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The Scottish Nation
Willison


WILLISON, JOHN, an eminent divine and religious writer, was born in 1680, and from an early age was intended by his parents for the church. After completing his regular course of academical education, he entered on the study of divinity, and having been duly licensed, he became, in 1703, minister of Brechin, in consequence of a unanimous call which he received from that town. Shortly after, the popularity he had acquired by his abilities as a preacher, with the simplicity and purity of his manners, and the gentleness and benevolence of his disposition, caused him to be invited to supply a vacancy at Dundee, where he spent the remainder of his life. He now took a prominent part in all public discussions regarding ecclesiastical affairs, and showed himself, in particular, opposed to the exercise of patronage in the church. Distinguished above many of his contemporaries by his superior attainments, activity, and zeal, he was considered in his day the leader of the popular or Evangelical party; and, in 1735, when the General Assembly resolved to apply to Parliament for the repeal of the oppressive act of 1712, he and Messrs. Gordon and Mackintosh were sent to London to attend to this important matter. All their efforts, however, to procure a repeal of the act proved fruitless, as have those of many other good men since their time.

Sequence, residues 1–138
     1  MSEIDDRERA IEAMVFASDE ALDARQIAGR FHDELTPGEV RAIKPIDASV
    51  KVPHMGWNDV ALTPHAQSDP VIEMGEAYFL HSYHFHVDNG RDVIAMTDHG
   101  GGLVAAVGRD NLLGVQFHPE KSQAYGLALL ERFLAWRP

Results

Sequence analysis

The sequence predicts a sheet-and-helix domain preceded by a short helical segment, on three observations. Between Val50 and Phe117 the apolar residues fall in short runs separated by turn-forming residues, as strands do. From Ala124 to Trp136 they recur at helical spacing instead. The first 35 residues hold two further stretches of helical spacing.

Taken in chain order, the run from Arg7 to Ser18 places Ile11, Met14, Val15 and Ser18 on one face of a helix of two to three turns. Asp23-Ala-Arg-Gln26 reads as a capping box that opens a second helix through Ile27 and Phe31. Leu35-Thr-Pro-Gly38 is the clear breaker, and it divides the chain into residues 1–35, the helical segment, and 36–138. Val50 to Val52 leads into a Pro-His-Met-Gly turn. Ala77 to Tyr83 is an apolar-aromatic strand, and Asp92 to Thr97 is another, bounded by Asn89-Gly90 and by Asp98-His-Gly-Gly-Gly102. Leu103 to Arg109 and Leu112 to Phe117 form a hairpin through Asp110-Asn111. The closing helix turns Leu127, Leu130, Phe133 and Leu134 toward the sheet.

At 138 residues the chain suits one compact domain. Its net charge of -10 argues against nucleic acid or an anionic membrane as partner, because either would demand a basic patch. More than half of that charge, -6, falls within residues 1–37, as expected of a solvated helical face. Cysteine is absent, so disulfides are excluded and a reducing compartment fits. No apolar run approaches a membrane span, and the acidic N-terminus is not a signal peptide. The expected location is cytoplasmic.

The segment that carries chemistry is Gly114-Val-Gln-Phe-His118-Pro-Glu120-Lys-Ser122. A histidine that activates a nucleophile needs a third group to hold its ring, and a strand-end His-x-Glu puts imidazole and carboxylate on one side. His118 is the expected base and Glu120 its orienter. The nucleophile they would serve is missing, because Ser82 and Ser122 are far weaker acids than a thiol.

Mr. Willison was the author of several works of a religious nature, which have been long held in high estimation, a list of which is subjoined. He died at Dundee, in the bosom of his family, May 3, 1750, in the seventieth year of his age, and forty-seventh of his ministry. His works are:

Example of Plain Catechising upon the Assemblyís Shorter Catechism. Edin. 1737, 8vo.
Afflicted Manís Companion; or a Directory for Families and Persons afflicted with Sickness or any other Distress. Edin. 1755, 8vo.
Sacramental Meditations and Advices, grounded upon Scripture-texts, proper for Communicants to prepare their hearts, excite their affections, quicken their graces, and enliven their devotion on sacramental occasions; together with a short Christian Directory, consisting of forth Scripture directions proper for all Christians intending Heaven, and a variety of Scripture Songs for Zionís travellers on their way thither; to which are added, by way of appendix, Three Sermons. Edin. 1769, 12mo.
The Balm of Gilead.
In 1793 two Sermons, preached by Mr. Willison some time before his death, ĎOn the Increase of Christís Kingdom,í containing an allusion to the demoralized state of France, were published at London, under the title of ĎA Prophecy of the French Revolution and the Downfall of Antichrist.í


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